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Category Archives: California

Day Trips in Anza-Borrego State Park | Fonts Point Badlands

Like most people, I had heard the term “badlands” before visiting Fonts Point, but I had no visual notion of it in my head. Badlands are actually a very distinctive landform and remind me of something out of Dante’s Inferno. The brownish red hills are devoid of all vegetation. Being so dry and rootless, when the rain comes in torrents every five years or so it carves grooves into the sides, flowing in several directions. With each rainfall and the daily winds these grooves deepen further, making the distinct scraggly look the Badlands hills are known for.

At Fonts Point, just outside of Borrego Springs, California, you can get an overlook of the Badlands that stretch across Anza-Borrego region and down into Mexico.IMG_2758

For this trip, I recommend that you take a Jeep or another 4WD or AWD vehicle. A Subaru should be fine to get to the overlook, but if you don’t want to do any additional exploring you might need a Jeep or truck.

There is a hiking option, but it’s through a dry, dusty, flat, region with no vegetation or sights (and no shortage of sun)—so unless you really want to get some exercise, driving is preferred.

Getting to Fonts Point is easy. Take the S-22 (Borrego Salton Sea Seaway) out of town going east. When you get past the campgrounds and the small edge of the Santa Rosa mountains just to the north, keep a lookout on your right (south) for the Font’s Point Wash dirt road. It’s approximately here on Google Maps. Take the dirt road 4 miles to Fonts Point.IMG_2759

The overlook is, well, spectacular for someone who has never seen anything like it.

Beyond this, there are numerous Jeep drives you can take through the region, including the Palo Verde Wash, Vista Del Malpais, and Thimble Trail. But make sure you bring plenty of gas and water!

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Posted by on May 10, 2016 in California, Deserts, Drives, Tourism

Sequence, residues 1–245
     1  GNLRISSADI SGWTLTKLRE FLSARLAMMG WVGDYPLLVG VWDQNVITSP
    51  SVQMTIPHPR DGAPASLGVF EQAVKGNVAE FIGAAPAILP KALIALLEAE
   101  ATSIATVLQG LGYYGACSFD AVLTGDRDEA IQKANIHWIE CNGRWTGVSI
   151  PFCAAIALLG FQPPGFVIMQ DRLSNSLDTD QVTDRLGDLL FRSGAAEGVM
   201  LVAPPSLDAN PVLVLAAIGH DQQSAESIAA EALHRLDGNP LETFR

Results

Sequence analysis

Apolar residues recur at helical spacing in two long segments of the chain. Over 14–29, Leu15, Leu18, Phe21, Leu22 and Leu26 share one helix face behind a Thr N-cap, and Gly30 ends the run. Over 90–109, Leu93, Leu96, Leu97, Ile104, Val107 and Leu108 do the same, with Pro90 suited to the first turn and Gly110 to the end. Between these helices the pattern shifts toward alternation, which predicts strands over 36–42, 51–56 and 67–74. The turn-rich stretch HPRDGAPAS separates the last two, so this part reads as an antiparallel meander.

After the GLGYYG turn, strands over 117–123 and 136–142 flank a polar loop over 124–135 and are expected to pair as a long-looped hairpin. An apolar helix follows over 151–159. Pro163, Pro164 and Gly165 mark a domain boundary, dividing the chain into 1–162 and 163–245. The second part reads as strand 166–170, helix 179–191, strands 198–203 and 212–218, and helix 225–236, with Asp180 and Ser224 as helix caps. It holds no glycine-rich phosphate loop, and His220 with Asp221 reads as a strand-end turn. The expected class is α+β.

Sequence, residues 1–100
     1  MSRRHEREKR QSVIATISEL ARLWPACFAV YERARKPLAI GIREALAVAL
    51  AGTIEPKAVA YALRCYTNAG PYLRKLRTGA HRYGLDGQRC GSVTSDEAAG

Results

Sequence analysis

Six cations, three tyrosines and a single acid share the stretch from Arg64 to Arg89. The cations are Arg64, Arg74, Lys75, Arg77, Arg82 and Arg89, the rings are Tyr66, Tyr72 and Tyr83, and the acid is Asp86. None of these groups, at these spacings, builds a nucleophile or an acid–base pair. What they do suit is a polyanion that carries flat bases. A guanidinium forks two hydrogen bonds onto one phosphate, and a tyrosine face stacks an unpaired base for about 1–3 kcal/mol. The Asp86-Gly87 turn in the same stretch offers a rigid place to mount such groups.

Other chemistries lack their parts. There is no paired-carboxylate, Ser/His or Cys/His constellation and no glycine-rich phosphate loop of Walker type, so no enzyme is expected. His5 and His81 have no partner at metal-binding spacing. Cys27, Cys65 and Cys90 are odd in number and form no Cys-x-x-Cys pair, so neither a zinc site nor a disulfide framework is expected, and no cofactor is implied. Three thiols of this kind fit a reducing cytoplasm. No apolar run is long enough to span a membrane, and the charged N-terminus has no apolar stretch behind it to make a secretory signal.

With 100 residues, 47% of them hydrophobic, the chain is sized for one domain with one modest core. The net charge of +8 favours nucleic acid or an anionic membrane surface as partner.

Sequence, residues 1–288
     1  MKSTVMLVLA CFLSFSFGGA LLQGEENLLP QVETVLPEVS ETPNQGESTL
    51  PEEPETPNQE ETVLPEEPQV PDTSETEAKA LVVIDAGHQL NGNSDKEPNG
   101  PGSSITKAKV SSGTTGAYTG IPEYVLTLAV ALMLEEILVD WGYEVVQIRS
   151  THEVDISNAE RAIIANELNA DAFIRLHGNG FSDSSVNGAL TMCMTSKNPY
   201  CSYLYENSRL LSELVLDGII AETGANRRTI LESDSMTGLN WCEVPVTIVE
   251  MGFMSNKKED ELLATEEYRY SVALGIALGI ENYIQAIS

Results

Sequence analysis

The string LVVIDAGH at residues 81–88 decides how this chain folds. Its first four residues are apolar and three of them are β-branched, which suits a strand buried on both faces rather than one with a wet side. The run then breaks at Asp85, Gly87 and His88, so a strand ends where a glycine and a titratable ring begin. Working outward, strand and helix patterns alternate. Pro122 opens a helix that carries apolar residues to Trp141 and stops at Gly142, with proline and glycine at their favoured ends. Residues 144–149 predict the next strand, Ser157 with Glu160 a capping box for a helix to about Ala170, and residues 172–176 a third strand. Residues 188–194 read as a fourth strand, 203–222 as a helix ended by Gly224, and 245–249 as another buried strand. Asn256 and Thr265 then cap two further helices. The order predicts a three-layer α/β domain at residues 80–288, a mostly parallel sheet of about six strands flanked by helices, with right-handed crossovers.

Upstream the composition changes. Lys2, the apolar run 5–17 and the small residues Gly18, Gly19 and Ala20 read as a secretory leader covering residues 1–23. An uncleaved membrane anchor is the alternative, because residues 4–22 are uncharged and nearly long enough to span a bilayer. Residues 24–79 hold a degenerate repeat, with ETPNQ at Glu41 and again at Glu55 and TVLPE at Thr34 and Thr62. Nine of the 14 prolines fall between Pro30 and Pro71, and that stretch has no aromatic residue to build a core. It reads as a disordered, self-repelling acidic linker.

Day Trips in Anza-Borrego State Park | Calcite Mine

Although considerably less popular than Palm Canyon, the Calcite Mine trail is a hidden gem for those seeking those odd, moonlike environments commonly found in the Southwest’s deserts.IMG_2716

The whole hike is only about 2.5 miles and can be done in 1-2 hours. I went in around 4 p.m. and had plenty of sunlight to make it there and back. In fact, because this hike is essentially free of vegetation and through dusty old mining trails in one of the driest, hottest parts of the world, you’ll probably want to go early in the morning or late in the afternoon. Besides, the low angle of the sun makes for more surreal sights.

There are basically two parts to the hike, the trail and the slot. The trail is kind of boring, and there isn’t a whole lot to see of the actual “mine” when you get there, but on the way back (or on the way there), you’ll want to make your way through the slot, where you can see the sandstone rock formations of the canyon and wind your way through the slot.IMG_2751

The hike is very simple. Just stay on the main trail all the way to the mine at the end. Then, on your way back, make sure to turn left to head up the slot. About a mile up the slot, take a right to get back onto the main trail and back to the parking lot. Make sure not to miss this trail, as you can go on for miles into the slot and it can be easy to miss.

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Posted by on May 4, 2016 in California, Hiking

 

Day Trips in Anza-Borrego State Park | Palm Canyon Trail

The most popular hike in Anza-Borrego is the Borrego Palm Canyon trail to the Borrego Palm Oasis. This hike is right by the Anza-Borrego park headquarters, which is off the main strip in Borrego Springs. The visitor’s center is also worth a quick visit to get a grasp of the region’s history and terrain.

You can walk to the Borrego Palm Canyon Trail from the headquarters, which adds some distance (about a mile) to the trip, or you can pay the entrance fee to park directly at the campground close by and save yourself a fairly boring walk each way. In total, the trip to Borrego Palm Canyon and back can be as short as 2.7 miles, depending on where you park, or can be extended to 4+ miles. (More on extensions later.)IMG_2663

You do get quite a lot of sun and wind on this trip, so you’ll want to make sure to have a hat and some long sleeves, not to mention loads of water.

When you get to the main trailhead, keep right. The hike to the first palm grove starts out upward sloping over sandy terrain with views of the cactus plain and the mountains closing in on either side as you move up the valley. The rock, mostly sandstone, has some color to it, a soft shade somewhat pinkish. Although the hills are covered in flaky rock and almost entirely barren, the color gives it a netherwordly feel that is at least more inviting than the completely brown hills of the deserts in Nevada.

While walking, remember to keep your eyes open for any Bighorn Sheep. (Borrego actually means Bighorn Sheep in Spanish.) I unfortunately did not catch sight of any while I was out. Apparently the earlier you go the better. Arriving after 11, I was evidently too late.IMG_2680